Motieka & Audzevičius has successfully represented OAO Gazprom in a hotly debated litigation before the Supreme Court of Lithuania as well as the Court of Justice of the European Union.
The case concerned litigation regarding the recognition and enforcement of the SCC arbitral award in Lithuania in a case between OAO Gazprom and the Ministry of Energy of Lithuania. The case was focused on the Ministry’s breach of the arbitration agreement concluded in the Shareholders agreement. The arbitral tribunal had decided that the initiation of the Lithuanian court proceedings by the Ministry was in breach of the agreement and ordered it to withdraw part of its claims in the national courts. The case was heard by the Supreme Court of Lithuania, which referred to the Court of Justice of the European Union for a preliminary ruling as to whether it should refuse to enforce the SCC award, which it believed may have been inconsistent with EU law.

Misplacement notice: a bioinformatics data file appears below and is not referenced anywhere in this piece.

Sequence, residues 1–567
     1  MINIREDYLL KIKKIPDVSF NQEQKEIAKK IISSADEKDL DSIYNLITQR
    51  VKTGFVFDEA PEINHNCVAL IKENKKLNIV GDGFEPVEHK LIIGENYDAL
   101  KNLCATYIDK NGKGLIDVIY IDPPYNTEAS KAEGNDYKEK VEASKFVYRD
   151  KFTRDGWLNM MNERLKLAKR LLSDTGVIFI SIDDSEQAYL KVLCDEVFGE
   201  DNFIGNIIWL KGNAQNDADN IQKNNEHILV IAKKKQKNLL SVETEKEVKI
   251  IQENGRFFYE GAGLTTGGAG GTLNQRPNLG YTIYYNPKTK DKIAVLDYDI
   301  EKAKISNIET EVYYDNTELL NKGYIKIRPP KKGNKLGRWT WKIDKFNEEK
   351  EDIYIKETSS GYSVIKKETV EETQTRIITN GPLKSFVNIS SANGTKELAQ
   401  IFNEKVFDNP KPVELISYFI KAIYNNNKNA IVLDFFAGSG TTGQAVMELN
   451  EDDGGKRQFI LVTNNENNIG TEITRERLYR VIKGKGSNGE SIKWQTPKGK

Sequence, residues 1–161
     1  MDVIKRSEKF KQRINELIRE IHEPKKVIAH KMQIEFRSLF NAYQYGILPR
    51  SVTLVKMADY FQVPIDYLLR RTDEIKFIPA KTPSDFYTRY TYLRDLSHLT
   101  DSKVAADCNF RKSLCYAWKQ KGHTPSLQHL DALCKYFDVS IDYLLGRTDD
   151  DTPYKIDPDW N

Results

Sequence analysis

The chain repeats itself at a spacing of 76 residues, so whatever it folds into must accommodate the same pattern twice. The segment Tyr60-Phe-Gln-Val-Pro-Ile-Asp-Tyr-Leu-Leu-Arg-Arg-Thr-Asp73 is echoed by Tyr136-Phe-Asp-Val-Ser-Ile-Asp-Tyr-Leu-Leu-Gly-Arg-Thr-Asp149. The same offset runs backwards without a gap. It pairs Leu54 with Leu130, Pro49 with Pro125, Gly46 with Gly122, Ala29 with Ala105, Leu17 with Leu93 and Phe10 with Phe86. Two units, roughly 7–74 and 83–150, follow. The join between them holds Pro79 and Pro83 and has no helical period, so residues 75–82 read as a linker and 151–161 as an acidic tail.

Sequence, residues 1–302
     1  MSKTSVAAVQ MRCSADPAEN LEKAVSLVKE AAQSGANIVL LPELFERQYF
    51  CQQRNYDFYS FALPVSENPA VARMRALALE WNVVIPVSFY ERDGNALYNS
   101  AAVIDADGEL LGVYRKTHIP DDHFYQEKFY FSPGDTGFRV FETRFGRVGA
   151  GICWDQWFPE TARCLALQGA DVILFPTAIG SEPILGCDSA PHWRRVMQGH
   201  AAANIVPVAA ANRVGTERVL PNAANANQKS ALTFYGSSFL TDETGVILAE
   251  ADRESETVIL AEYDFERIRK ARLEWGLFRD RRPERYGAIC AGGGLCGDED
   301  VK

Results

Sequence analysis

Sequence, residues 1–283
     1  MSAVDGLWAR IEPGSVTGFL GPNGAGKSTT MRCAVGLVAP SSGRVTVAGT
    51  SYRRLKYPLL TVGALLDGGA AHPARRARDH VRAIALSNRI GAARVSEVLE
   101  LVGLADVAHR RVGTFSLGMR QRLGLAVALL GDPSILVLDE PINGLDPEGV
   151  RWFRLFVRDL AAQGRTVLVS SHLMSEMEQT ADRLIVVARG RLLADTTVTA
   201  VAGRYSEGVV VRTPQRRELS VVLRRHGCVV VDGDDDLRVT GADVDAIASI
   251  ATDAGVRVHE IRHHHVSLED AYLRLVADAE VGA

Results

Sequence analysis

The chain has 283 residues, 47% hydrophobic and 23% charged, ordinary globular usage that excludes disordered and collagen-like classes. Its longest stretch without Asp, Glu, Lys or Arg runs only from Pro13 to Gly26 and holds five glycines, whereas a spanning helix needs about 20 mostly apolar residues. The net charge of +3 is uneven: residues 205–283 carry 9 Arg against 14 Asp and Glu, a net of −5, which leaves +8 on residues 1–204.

In its judgment of 13-05-2015 in Case C 536/13, the CJEU found that Brussels I Regulation must be interpreted as not precluding a court of a Member State from recognising and enforcing, or from refusing to recognise and enforce, an arbitral award prohibiting a party from bringing certain claims before a court of that Member State.
Subsequently, in its judgment of 2015-10-23 the Supreme Court of Lithuania had granted recognition and enforcement of the SCC award by which the Ministry was obliged to withdraw certain claims from Lithuanian courts against Gazprom’s former officials.
The Lithuanian Supreme Court had noted that when a party concludes arbitration agreement it voluntarily limits its right to refer to the court. The measures taken by the arbitration tribunal in this case just protected the will of the parties regarding the method of dispute resolution chosen by them and the arbitration procedure itself. The Supreme Court had also held that recognition and enforcement of arbitration award in the Republic of Lithuania, by which a party is precluded from litigation in a court, has no impact to the courts’ right to decide on their jurisdiction or to examine the merits of the case.